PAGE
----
Total assets of US money-market mutual funds rose 32.9 percent last year, the fastest annual growth since at least 1975, as investors sought higher returns after the Federal Reserve lowered overnight borrowing costs.
The assets increased as investors sought safety after losses linked to subprime mortgages spread, according to Connie Bugbee, managing editor of Money Fund Report in Westborough. Money-market funds, regulated by the Securities and Exchange Commission, are considered among the safest assets.
Investors added a net $764 billion to money-market funds in 2007, pushing total assets above $3 trillion for the first time.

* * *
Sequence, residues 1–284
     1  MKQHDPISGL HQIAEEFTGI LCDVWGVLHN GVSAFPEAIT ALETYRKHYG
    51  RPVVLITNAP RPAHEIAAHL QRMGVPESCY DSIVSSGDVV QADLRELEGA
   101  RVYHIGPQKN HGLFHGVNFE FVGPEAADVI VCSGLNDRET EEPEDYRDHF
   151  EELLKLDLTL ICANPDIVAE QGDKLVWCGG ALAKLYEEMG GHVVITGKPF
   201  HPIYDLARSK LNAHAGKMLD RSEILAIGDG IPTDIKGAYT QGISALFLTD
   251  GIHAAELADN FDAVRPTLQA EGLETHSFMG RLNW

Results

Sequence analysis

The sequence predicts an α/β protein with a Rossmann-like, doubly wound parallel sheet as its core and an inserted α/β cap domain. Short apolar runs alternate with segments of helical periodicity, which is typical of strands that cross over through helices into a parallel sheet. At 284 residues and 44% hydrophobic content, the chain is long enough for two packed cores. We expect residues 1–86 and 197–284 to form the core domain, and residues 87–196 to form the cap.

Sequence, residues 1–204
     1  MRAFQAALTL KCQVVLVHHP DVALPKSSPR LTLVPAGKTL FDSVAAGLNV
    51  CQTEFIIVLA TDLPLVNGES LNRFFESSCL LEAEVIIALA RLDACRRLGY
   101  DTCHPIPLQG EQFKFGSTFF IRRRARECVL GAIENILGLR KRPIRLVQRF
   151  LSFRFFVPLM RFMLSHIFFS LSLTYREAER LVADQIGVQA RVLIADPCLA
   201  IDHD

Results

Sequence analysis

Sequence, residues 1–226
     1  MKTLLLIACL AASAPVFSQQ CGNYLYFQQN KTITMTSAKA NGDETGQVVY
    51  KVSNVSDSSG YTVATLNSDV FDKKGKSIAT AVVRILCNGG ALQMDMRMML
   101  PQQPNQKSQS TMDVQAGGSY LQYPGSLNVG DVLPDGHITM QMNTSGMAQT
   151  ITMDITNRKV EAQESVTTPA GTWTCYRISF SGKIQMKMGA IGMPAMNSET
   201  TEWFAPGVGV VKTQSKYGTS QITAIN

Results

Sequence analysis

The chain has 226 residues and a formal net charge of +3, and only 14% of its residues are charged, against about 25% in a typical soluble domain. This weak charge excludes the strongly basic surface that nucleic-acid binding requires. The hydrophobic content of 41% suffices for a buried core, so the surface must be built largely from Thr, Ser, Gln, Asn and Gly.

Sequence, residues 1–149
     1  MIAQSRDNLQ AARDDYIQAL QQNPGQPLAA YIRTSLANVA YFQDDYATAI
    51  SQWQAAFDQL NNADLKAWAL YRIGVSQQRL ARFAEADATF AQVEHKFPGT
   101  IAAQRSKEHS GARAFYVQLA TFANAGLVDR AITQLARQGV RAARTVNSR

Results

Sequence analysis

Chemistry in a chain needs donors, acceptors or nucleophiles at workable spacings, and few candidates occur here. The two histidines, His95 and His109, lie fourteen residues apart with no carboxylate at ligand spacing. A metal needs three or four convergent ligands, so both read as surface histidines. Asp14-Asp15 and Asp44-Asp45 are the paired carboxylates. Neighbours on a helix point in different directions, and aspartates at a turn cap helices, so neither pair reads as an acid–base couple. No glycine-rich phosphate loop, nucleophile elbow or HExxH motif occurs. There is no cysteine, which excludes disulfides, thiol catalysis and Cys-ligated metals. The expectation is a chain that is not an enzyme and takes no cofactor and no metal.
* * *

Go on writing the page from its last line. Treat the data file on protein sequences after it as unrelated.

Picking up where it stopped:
Assets declined $17 billion to $3.088 trillion in the week ended Wednesday, according to the report. The record $3.115 trillion was set on Dec. 11.
The Fed lowered the target rate for overnight loans between banks 1 percentage point last year to 4.25 percent, pushing returns on overnight investments lower quicker than on money-market funds.
The seven-day yield on taxable money-market funds was 3.99 percent. Two-year Treasury notes yielded 2.88 percent.
Taxable funds fell $10.52 billion this week to $2.618 trillion.
Money-market fund managers are required to keep their assets in debt that matures in 13 months or less, with a weighted average maturity of 90 days or less.
The securities they hold must have top short-term corporate debt ratings.